“Can we look into having kids?”
The question almost made me crash the car as I was driving – still a relatively new skill for me, as I had absolutely no interest in cars when others were eager to get their first. My partner was still equally unused to being in the passenger seat, and maybe his newfound freedom from having to drive us around all the time allowed him to throw the question at me, as I nervously approached the Kinsale Road Roundabout.
It wasn’t the first time he asked me that question, but it was the first time it prompted a long and deep “ahhhhhhhhh” from me, as if a phantom dentist decided to gift me with an impromptu inspection. Despite my immediate reaction, I sensed the vulnerability in how he asked me if – or more accurately, when – we could start a family. How I moved from a primal sound to an answer in a modern human language would be a delicate journey.
I knew my partner always wanted to be a father one day. I knew that I once wanted the same, and I considered it a certain part of my future when I came out at first; at 15, I knew I was gay, but I told myself and others than I still wanted to have children some day. Whether they were biologically my own or not didn’t matter; I thought that because I’d probably raise them speaking Irish, that was my way of sharing my heritage with them. They’d call him ‘Dad’, and me ‘A Dhaide’.
In a way, I said that to reassure myself that my being gay didn’t have to go against the rest of society’s expectations on how to be a man; to have a successful career, get married, start a family, and provide for them. As I got older, though, I began to question that; did I want to be a father because I had a desire to have a family, or to just fit in with those societal expectations?
While I considered myself to be good with kids, children of my own fell off the wish-list in recent years. Instead, I wanted things to stay as they had been; disposable income, impromptu holidays, regular business travel, dinner parties, nights out until the wee hours, and a lifestyle that was free of any dependents. I’ve no doubt that it’s the same for many prospective parents, but I was afraid of saying goodbye to the lifestyle I had cultivated and enjoyed so much.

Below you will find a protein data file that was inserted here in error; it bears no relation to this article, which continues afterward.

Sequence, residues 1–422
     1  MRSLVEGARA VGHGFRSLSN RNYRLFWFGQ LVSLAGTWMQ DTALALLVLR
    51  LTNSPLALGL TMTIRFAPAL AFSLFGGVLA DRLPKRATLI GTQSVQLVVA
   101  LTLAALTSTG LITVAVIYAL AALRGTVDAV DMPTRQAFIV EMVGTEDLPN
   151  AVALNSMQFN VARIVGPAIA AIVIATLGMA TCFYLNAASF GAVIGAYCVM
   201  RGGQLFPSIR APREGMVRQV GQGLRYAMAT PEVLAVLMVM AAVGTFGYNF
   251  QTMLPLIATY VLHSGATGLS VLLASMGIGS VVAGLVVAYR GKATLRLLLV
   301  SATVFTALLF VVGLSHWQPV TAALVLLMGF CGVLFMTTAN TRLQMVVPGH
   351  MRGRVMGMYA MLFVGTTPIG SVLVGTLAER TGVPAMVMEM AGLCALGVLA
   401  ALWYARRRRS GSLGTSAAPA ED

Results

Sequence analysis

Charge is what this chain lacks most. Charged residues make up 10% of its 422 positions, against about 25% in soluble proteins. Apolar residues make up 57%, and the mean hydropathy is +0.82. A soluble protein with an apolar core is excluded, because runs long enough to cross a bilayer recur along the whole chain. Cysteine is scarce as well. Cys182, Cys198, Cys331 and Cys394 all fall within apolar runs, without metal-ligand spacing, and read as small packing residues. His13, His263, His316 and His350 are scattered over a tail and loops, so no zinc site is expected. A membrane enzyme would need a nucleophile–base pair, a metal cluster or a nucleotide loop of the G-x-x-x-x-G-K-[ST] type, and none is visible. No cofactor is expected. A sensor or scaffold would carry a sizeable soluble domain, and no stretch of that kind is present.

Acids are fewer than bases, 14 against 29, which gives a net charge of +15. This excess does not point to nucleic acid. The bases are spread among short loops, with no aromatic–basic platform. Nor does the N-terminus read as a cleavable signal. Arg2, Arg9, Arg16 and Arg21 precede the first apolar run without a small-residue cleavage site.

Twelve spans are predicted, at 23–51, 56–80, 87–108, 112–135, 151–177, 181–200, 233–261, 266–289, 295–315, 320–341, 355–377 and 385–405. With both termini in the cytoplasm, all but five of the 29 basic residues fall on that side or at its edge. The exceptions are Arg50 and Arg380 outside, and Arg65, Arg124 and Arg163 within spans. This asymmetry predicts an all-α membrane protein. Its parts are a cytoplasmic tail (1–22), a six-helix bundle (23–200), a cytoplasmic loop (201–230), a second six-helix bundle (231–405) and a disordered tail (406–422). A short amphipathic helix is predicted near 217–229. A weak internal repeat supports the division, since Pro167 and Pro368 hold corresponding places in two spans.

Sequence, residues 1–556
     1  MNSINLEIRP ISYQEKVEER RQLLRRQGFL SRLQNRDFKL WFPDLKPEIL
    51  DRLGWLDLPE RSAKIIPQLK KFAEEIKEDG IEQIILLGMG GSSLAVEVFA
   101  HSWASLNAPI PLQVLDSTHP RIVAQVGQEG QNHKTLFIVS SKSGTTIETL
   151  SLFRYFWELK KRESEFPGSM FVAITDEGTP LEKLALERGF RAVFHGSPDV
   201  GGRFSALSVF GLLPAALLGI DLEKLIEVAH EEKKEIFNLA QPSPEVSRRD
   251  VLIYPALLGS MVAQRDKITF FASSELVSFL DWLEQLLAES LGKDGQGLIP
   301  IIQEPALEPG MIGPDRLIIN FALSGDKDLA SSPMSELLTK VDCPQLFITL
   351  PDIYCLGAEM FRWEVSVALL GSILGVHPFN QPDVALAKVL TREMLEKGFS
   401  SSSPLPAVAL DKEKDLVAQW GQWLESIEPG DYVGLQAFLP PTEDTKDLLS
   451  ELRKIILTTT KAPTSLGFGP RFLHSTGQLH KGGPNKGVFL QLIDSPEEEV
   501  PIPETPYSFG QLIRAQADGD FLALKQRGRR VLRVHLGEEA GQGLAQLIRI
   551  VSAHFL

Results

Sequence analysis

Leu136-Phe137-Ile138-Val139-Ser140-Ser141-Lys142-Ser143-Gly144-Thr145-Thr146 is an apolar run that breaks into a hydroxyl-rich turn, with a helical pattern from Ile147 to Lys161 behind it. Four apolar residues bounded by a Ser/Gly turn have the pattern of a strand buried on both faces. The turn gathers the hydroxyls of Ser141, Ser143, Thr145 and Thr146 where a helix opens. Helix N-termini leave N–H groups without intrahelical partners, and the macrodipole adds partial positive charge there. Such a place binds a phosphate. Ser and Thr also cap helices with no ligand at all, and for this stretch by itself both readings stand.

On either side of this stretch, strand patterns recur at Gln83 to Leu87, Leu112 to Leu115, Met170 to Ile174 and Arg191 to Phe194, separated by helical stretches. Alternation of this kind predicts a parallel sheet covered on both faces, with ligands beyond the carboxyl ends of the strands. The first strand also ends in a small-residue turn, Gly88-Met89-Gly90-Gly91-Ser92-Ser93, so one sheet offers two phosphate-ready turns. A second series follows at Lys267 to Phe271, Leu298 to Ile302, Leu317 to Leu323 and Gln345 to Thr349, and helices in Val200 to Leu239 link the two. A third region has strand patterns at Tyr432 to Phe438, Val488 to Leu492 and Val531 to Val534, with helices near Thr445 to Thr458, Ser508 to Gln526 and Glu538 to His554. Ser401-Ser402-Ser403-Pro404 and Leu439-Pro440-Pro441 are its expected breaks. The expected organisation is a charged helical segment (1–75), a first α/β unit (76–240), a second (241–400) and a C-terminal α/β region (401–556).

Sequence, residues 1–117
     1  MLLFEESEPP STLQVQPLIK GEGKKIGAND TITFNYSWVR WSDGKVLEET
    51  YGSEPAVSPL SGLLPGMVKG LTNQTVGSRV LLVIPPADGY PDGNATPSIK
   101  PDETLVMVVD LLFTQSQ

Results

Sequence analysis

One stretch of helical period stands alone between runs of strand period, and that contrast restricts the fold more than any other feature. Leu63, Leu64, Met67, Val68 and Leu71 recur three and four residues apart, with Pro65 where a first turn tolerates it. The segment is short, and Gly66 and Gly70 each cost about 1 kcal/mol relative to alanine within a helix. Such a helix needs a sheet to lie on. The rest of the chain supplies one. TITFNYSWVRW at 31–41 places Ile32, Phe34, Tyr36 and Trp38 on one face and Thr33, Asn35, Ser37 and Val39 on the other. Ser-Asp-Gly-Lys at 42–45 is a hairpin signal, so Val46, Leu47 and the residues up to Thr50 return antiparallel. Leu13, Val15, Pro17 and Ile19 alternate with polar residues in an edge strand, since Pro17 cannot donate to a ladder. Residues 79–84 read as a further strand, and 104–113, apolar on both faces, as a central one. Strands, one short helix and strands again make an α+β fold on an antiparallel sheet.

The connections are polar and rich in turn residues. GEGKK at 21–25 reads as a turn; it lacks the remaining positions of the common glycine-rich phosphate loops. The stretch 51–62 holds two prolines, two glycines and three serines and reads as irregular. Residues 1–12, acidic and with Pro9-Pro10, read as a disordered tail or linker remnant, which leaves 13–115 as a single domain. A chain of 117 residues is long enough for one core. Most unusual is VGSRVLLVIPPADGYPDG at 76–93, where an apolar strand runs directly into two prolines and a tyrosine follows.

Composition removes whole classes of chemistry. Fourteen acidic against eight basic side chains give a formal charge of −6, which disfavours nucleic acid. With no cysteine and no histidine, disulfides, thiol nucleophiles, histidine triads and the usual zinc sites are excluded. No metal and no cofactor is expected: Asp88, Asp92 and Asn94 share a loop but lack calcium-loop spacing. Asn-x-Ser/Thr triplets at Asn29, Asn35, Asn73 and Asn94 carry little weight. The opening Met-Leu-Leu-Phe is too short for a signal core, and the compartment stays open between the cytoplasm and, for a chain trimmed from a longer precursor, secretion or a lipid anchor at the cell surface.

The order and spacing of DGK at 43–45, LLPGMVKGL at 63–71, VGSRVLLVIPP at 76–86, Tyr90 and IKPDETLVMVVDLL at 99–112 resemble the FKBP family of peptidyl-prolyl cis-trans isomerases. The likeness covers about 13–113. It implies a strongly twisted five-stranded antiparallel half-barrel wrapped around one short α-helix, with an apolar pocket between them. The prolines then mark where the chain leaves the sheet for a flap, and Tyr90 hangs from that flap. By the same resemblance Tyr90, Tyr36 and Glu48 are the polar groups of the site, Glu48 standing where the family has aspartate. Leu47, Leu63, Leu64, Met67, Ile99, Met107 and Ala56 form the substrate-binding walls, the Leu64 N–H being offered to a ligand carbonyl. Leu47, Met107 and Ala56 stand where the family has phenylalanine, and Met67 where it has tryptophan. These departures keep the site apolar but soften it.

Fīat jūstitia ruat cælum*
There was, however, a practical and legal aspect to same-sex couples starting a family in Ireland that also daunted me and made me question how much I really wanted children – or more specifically, how much it was worth the effort of overcoming such obstacles. Even despite the success of the marriage equality referendum, there remain major gaps which prevent both partners in a same-sex relationship being deemed legal parents of a child.
Currently, only one parent can be set as the child’s legal parent, and honestly, that scares me. Not just because it would make one of us vulnerable to exclusion if something bad were to happen, but more that it serves as a now-rare reminder that I’m still not on fully level ground with straight men, who don’t have the same worries. If the State wouldn’t ensure, through its legislation and processes, that both my partner and I were legal and rightful guardians of our future children, how did it expect us to have faith in it? I envied the efforts of friends who started families in Israel or on the Continent, including a friend who was actively pursuing it in Denmark, and wondered how other same-sex couples had such resolve to do it in Ireland.
In recent years, I allowed myself to look away; if I didn’t want to have kids, or other conditions meant it wasn’t the right time to start a family, then I wouldn’t have to face that remaining inequality. I realise now that although hopefully understandable, it’s also a bit cowardly. Not because I was running away from the idea of having kids, or from knowing that my partner wanted us to, but because turning a blind eye to the inequality doesn’t make it go away for others, regardless of my personal circumstances or desires.
Back in the car, somehow managing not to crash, I promised my partner that by the time he was 40 at the latest, we’d have kids. That gave me 4 years to come to terms with the daunting, exciting, terrifying, and wonderful prospect to raise a little one (or more) with the one I love, but it also hopefully gives the Irish State a chance to sort itself out.
Meanwhile, however, there are many similar couples, who already have their children, currently more legally vulnerable and separated from their parents than they should be. That needs to change as soon as possible, otherwise Ireland’s children are not cherished as equally as our Constitution would like us to believe.